On Feb. 2 people turned out, en masse and in red, at the University Field House for the U's Wear Red Rally to raise awareness of heart disease in women.
Heart knowledge: more than skin deep?
Awareness is the first step to better heart health in women
By Anne Taylor
From eNews, Feb. 8, 2008
Editor's note: February is American Heart Month. On. Feb 2 University of Minnesota cardiologist Anne Taylor spoke about heart disease prevention in women on the Twin Cities campus. The lecture, "How do you Mend a Broken Heart?" (listen to a recording of it), was sponsored by the Deborah E. Powell Center for Women's Health and is part of the center's lecture series, "Women and Heart Disease: It's not just for men anymore!"
While women worry more about breast cancer than heart disease, statistics show that 1 in 30 women dies of breast cancer, but 1 in 2.5 women dies of heart disease. Heart disease is the No. 1 cause of death in women. And, while the total number of people dying of heart disease is decreasing, the decline is much greater in men than in women.
Women should know that:
- Health-care providers are less likely to treat women with strategies that prevent heart disease, such as drugs that lower cholesterol.
- Although they are less likely to have a heart attack in their forties and fifties than men, women in this age range are also far less likely to survive a heart attack.
- Women wait longer before going to an emergency room when they are having a heart attack and are less likely to leave the hospital alive than men who arrive with heart attacks.
- Women are more likely to die in the year following a heart attack: 38 percent of women compared with 25 percent of men.
So how can women protect their hearts? Prevention is important. Some risk factors, such as age, menopause, family history and ethnicity are beyond your control. (African Americans, Hispanics and Native Americans have higher rates of heart disease.) But, no matter what your age or ethnicity, you can affect the following risk factors for heart disease:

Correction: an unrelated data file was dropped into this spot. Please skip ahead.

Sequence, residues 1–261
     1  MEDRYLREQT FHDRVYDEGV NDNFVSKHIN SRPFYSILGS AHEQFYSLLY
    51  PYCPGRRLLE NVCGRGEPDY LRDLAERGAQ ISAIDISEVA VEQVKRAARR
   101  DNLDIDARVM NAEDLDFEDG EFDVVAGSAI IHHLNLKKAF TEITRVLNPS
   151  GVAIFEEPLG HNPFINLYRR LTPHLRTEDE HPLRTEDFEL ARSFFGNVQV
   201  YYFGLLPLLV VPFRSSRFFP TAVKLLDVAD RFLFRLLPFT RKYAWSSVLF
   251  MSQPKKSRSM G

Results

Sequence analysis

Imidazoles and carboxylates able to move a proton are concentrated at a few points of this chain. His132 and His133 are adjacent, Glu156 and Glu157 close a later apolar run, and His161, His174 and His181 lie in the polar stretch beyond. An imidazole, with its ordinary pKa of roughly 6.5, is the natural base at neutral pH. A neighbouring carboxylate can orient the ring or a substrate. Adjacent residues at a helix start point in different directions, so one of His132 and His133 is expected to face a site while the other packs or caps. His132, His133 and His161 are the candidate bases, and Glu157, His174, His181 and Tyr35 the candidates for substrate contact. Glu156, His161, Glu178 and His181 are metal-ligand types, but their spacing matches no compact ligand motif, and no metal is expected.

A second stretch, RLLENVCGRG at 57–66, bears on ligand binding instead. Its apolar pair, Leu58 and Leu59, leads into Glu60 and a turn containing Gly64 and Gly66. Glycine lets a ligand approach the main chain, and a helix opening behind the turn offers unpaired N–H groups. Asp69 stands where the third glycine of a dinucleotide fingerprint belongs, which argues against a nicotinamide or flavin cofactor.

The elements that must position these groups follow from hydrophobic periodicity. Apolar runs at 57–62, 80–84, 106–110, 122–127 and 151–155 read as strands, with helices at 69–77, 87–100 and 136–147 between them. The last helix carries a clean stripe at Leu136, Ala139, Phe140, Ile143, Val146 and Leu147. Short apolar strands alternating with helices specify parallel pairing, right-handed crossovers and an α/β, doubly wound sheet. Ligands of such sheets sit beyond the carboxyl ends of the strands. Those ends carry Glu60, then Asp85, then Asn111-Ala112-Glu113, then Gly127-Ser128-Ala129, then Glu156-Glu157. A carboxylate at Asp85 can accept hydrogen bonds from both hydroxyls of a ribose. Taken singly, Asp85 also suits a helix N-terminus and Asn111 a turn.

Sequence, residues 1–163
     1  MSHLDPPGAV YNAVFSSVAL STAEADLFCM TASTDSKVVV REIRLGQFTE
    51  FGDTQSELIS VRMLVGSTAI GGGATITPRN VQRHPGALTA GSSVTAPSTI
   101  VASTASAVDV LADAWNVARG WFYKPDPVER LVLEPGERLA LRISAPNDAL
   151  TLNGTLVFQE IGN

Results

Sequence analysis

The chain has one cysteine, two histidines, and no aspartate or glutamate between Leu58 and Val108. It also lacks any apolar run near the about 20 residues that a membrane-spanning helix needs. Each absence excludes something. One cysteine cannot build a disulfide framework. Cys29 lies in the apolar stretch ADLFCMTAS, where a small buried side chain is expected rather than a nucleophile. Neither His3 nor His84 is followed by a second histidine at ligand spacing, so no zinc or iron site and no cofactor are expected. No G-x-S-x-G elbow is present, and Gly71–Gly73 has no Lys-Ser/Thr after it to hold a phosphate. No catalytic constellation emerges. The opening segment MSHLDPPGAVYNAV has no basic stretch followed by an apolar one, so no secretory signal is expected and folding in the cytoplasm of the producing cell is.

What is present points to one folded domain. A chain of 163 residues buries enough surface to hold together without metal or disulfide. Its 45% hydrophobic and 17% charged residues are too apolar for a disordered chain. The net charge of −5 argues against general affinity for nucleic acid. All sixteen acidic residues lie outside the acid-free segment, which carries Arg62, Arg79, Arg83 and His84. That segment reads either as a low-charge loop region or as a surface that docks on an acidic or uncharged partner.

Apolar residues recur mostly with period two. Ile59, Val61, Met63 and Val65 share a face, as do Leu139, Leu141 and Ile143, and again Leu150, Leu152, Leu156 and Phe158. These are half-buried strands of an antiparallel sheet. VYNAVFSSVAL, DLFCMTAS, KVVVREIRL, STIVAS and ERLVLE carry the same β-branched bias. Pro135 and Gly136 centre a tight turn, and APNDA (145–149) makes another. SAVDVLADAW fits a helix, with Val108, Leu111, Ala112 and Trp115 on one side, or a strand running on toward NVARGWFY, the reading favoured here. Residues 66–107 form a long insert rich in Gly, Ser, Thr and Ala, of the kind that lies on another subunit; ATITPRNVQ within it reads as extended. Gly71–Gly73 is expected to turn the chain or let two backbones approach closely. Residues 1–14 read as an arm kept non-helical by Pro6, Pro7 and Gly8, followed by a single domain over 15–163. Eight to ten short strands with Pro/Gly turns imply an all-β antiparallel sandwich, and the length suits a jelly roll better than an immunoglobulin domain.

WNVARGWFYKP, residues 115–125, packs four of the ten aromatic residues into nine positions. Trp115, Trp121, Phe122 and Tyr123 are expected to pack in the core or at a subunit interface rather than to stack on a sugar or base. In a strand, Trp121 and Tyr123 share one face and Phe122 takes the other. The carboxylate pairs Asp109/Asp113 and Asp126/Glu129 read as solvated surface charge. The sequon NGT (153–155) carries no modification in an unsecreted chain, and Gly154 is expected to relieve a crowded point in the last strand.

- High blood pressure
- High cholesterol
- Tobacco use
- Lack of physical exercise
To reduce your risk:
- Get regular checkups and learn your cholesterol and blood pressure numbers.
- Don't hesitate to ask questions such as, "What can I do to improve my heart health?" And, ask to be screened for diabetes--one-half of people with diabetes are not diagnosed.
- Take medications as prescribed. Medications can reduce cholesterol, control blood pressure and maintain normal blood sugars.
- Stop smoking. Smoking increases blood pressure and hardens arteries.
- Get regular exercise. It reduces stress and decreases your risk of obesity and diabetes.
- Eat healthfully. A diet low in saturated fat and that includes plenty of fruits and vegetables can reduce bad cholesterol, control blood sugar and help you maintain a healthy weight.
U center for women's
"When women are fully involved, families are healthier," said Kofi Annan, secretary-general of the United Nations, in 2002. "They are better fed. Income, savings and reinvestment go up. And what is true of families is true of communities, and eventually, of whole countries."
The Deborah E. Powell Center for Women's Health at the University of Minnesota is dedicated to improving the health and wellness of women throughout their lifespan. The center is one of 19 nationally designated Centers of Excellence, a designation awarded by the U.S. Department of Health and Human Services in September 2003 after a competitive application process.
To learn more, visit the center or call 612-626-1125. For women's health tips, see www.healthymnwomen.org.
Anne Taylor is a University of Minnesota cardiologist and author of The Black Women's Guide to a Healthy Heart.